The clinician will ultimately have to reconcile clinical, laboratory, and imaging data to make a final, accurate diagnosis. Imaging with FDG-PET improves diagnostic accuracy in dementia, but this effect is in turn dependent on accurate scan interpretation. Understanding the moderate specificity of temporoparietal hypometabolism for AD and the relatively high specificity and positive likelihood ratio of anterior cingulate and anterior temporal hypometabolism for FTLD may improve FDG-PET scan interpretation and therefore maximize the positive effect of these studies on diagnostic accuracy.
Correspondence: Kyle B. Womack, MD, Department of Neurology, University of Texas Southwestern Medical Center at Dallas, 5323 Harry Hines Blvd, Dallas, TX 75390-9129 (email@example.com).
Accepted for Publication: September 16, 2010.
Published Online: November 8, 2010. doi:10.1001/archneurol.2010.295 This article was corrected for errors on November 12, 2010.
Author Contributions:Study concept and design: Womack, Diaz-Arrastia, Gabel, and Foster. Acquisition of data: Aizenstein, Arnold, Barbas, Clark, DeCarli, Jagust, Leverenz, Peskind, Turner, Zamrini, Heidebrink, Burke, DeKosky, Farlow, Gabel, Kawas, and Foster. Analysis and interpretation of data: Womack, Diaz-Arrastia, Boeve, DeKosky, Higdon, Koeppe, Lipton, and Foster. Drafting of the manuscript: Womack, Aizenstein, and Foster. Critical revision of the manuscript for important intellectual content: Womack, Diaz-Arrastia, Arnold, Barbas, Boeve, Clark, DeCarli, Jagust, Leverenz, Peskind, Turner, Zamrini, Heidebrink, Burke, DeKosky, Farlow, Gabel, Higdon, Kawas, Koeppe, Lipton, and Foster. Statistical analysis: Womack, Higdon, and Koeppe. Obtained funding: Womack, Turner, DeKosky, and Foster. Administrative, technical, and material support: Arnold, DeCarli, Heidebrink, DeKosky, Farlow, Gabel, and Foster. Study supervision: Diaz-Arrastia and Foster.
Funding/Support: This work was supported by grants AG22394 and AG30006 from the National Institutes of Health; an anonymous private donation to the Center for Alzheimer's Care, Imaging, and Research; the pilot cooperative project grant AG16976 from the National Alzheimer's Coordinating Center; and grants from the following National Institutes of Health Alzheimer's Disease Research Centers: Michigan (grant AG08671), University of California at Davis (grant AG10129), University of Pennsylvania (grant AG10124), University of California at Irvine (grant AG16573), Duke University (grant AG028377), Indiana University (grant AG10133), University of Pittsburgh (grant AG05133), and University of Texas Southwestern Medical Center at Dallas (grant AG12300).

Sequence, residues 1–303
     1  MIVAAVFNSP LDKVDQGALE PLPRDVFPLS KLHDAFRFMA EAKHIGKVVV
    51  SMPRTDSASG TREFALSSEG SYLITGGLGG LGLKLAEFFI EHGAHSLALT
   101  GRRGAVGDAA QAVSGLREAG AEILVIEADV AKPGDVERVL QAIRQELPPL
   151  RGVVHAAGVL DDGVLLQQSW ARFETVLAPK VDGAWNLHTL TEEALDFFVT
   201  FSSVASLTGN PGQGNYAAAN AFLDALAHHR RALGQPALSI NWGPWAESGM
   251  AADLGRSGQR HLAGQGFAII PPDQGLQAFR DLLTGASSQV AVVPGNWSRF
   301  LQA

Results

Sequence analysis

Additional Contributions: Sid Gilman, MD, FRCP, Henry Buchtel, PhD, and R. Scott Turner, MD, PhD, made images from their research available for this study, and Angela Y. Wang, PhD, provided valuable assistance with Figure 1.
Financial Disclosure: Dr Farlow receives research funding from Bristol-Myers Squibb, Danone, Elan, Eli Lilly, Forest, Janssen, Medivation, Pfizer, Novartis, OctaPharma, and Sonexa; is a scientific consultant for Adamas, Accera, AstraZeneca, Astellas, BioRx, CoMentis, Cortex Pharmaceuticals, Eisai, Dainippon Sumitomo Pharma, Eli Lilly, GlaxoSmithKline, Medivation, Merck, Novartis, Noven, OctaPharma, QR Pharma, Sanofi-Aventis, Schering-Plough, Suven Life Sciences Ltd, and Toyama Chemical Co; is a speaker for Eisai, Forest, Janssen, Pfizer, and Novartis; receives royalties for intellectual property from Elan; and has a spouse who is employed by and receives a salary from Eli Lilly.